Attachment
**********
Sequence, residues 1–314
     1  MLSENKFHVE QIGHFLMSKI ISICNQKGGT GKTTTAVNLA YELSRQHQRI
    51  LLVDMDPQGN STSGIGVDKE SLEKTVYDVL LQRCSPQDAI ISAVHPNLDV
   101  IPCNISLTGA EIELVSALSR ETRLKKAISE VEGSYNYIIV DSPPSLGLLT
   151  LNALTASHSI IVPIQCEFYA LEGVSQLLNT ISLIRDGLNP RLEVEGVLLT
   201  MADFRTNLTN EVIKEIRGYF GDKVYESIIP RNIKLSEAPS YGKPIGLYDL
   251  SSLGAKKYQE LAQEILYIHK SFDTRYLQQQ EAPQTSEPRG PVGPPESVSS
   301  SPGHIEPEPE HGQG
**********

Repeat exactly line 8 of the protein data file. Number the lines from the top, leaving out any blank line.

   301  SPGHIEPEPE HGQG